surgeon’s orientation and familiarity. 3 , 5 Virtually simulated models are educational and instructive products that can be practiced and trained on, and they can be displayed on surgical monitors, wearable devices, and smartphones and formed as tangible real-life objects. 5 – 7 However, decisions made with rigorous and detailed evaluations may lead to unpredictable outcomes in practice; therefore, choosing the appropriate surgical route for the targeted brain area is as critical as determining the bone window to be opened. There are studies that have investigated

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Defining the minimal clinically important difference in smartphone-based mobility after spine surgery: correlation of survey questionnaire to mobility data

Presented at the 2023 AANS/CNS Joint Section on Disorders of the Spine and Peripheral Nerves

Daksh Chauhan, Hasan S. Ahmad, Robert Subtirelu, Sai Mannam, Ryan Turlip, Kevin Bryan, Shreya Bathula, Yohannes Ghenbot, Andrew I. Yang, Michael Y. Wang, Gregory Basil, Zarina S. Ali, and Jang W. Yoon

disability across a lengthy time course. 8 , 9 While PROMs represent an adequate assessment of surgical outcome, there is a growing interest in the development and validation of more objective and data-driven outcome measurements. Objective measurements of activity, obtained from smartphones, smartwatches, and other wearable devices, can provide clinicians with reliable, unbiased objective determinations of functional outcome. 10 Apple iPhones (Apple Inc.) in particular have demonstrated high fidelity for human activity measurement, achieving uniformly low error rates

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Data-driven phenotyping of preoperative functional decline patterns in patients undergoing lumbar decompression and lumbar fusion using smartphone accelerometry

Hasan S. Ahmad, Shikha Singh, Kenneth Jiao, Gregory W. Basil, Andrew I. Yang, Michael Y. Wang, William C. Welch, and Jang W. Yoon

physicians to understand when pain and functional decline warrant treatment and also prevents accurate quantification of postoperative functional improvement, a key objective for patients undergoing spine surgery. 16 The lack of fidelity in PROM-based assessment of preoperative functional decline emphasizes the need for measurement modalities that can quantify patient ability and disability in a more accurate and timely manner. Electronic devices that are capable of monitoring physical activity levels with relative ease, such as smartphones and smartwatches, address

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Normative data of a smartphone app–based 6-minute walking test, test-retest reliability, and content validity with patient-reported outcome measures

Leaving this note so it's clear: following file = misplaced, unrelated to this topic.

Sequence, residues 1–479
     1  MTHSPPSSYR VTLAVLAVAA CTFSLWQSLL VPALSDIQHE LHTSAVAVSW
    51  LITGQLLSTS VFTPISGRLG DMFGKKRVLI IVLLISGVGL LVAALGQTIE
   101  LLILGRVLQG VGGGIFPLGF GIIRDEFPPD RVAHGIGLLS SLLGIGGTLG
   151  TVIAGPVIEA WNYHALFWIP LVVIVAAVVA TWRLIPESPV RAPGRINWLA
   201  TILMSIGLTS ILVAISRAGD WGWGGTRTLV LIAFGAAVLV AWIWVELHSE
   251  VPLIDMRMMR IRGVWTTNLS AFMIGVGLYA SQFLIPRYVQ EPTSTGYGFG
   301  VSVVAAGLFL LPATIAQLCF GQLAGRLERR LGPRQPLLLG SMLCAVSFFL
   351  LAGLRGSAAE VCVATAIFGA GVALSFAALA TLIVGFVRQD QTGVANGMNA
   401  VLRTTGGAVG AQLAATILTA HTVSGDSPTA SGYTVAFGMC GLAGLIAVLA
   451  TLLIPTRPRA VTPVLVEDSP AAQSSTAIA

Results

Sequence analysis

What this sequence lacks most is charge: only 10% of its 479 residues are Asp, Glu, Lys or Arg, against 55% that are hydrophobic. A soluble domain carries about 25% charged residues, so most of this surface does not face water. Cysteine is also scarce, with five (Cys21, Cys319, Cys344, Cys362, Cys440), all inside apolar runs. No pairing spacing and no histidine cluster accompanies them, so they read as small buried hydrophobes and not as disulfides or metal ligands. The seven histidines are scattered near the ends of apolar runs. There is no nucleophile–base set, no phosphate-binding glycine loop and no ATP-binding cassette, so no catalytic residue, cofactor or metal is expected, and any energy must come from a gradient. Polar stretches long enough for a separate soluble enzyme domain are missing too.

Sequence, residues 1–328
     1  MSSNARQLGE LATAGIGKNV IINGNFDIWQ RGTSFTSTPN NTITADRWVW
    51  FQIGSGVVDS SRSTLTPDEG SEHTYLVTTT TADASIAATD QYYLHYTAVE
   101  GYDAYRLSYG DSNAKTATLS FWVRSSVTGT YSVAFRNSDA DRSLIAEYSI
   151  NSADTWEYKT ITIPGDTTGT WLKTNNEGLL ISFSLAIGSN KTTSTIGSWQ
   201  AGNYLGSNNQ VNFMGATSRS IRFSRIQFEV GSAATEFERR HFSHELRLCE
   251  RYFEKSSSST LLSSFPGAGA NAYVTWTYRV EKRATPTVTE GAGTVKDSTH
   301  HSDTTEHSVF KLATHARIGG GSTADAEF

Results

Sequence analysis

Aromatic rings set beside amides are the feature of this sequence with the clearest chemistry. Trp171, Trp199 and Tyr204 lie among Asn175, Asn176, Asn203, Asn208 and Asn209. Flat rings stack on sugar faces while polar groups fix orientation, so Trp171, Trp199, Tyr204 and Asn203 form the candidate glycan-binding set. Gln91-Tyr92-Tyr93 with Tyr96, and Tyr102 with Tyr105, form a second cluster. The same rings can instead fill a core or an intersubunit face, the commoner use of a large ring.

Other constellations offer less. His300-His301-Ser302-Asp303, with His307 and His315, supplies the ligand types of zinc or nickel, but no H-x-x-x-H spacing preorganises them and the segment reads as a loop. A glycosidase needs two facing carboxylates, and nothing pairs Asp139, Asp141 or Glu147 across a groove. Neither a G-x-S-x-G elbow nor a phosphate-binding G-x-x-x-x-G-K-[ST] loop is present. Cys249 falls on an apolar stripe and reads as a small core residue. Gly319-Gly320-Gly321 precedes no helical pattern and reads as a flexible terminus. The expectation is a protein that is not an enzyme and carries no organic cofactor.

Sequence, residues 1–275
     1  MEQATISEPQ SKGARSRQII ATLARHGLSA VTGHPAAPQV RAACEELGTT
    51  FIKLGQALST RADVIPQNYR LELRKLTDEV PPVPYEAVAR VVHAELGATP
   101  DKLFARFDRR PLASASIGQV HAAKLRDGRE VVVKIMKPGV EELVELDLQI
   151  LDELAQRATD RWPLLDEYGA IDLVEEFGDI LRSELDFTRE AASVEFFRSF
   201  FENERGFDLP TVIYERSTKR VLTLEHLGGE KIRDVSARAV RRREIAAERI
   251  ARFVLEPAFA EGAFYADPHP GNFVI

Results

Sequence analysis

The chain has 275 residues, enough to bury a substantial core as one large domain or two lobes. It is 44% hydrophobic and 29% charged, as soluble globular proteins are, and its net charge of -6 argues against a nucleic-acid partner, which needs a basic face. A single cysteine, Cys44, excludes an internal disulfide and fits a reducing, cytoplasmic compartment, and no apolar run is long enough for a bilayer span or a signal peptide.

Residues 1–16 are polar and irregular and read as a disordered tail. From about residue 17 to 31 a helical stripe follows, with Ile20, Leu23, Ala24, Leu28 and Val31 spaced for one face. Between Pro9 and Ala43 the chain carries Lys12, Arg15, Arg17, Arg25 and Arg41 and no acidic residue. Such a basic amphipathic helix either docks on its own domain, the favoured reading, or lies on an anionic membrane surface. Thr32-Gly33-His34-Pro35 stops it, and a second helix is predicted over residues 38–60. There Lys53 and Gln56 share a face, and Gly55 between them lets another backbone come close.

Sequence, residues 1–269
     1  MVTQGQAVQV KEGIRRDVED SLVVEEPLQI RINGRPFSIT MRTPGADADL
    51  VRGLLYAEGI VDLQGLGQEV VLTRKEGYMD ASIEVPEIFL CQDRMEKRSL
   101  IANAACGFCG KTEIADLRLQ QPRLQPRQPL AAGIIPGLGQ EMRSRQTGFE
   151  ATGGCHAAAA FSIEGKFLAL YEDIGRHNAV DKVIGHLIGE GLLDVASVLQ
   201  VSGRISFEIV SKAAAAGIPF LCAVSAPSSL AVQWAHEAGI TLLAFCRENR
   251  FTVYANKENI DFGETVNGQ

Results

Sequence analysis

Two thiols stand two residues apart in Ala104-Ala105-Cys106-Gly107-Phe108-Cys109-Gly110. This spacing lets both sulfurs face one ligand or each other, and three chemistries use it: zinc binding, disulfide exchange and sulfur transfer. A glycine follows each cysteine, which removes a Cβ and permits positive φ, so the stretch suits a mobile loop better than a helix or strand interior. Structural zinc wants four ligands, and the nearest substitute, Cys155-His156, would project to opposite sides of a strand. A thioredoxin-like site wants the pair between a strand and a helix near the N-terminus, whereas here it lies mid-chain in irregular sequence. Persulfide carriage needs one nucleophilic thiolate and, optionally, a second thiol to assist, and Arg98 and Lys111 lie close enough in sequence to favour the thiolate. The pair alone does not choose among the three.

Lazar Tosic, Elior Goldberger, Nicolai Maldaner, Marketa Sosnova, Anna M. Zeitlberger, Victor E. Staartjes, Pravesh S. Gadjradj, Hubert A. J. Eversdijk, Ayesha Quddusi, Maria L. Gandía-González, Jamasb Joshua Sayadi, Atman Desai, Luca Regli, Oliver P. Gautschi, and Martin N. Stienen

resource-intensive manner by trained physiotherapy personal. New smartphone technology allows for Global Positioning System (GPS)–based determination of the 6WD using a spine-specific, free, and accurate smartphone app ( Fig. 1 ). 13 FIG. 1. Screenshot of the user interfaces of the 6WT smartphone app. A: In this example, the measurement is at 3:59 minutes and 248 meters and ongoing. Patients can push the “flash” button (lightning bolt) when they experience clinically relevant symptoms (e.g., back pain, neurogenic claudication, sciatica). The app will register the time

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Evaluation of the 6-minute walking test as a smartphone app-based self-measurement of objective functional impairment in patients with lumbar degenerative disc disease

Nicolai Maldaner, Marketa Sosnova, Anna M. Zeitlberger, Michal Ziga, Oliver P. Gautschi, Luca Regli, Astrid Weyerbrock, Martin N. Stienen, and for the International 6WT Study Group

equipment and are associated with a high responder burden. 7 To overcome these challenges and to make objective patient evaluation more feasible, we recently developed a free smartphone app that allows patients to self-determine their walking capacity. The 6-minute walking test (6WT) accurately assesses the maximum distance (in meters) a patient can walk in 6 minutes by triangulating global positioning system (GPS) coordinates. 11 In order for the 6WT to gain broad acceptance, we need to scrutinize its psychometric properties and correlate the test to established PROMs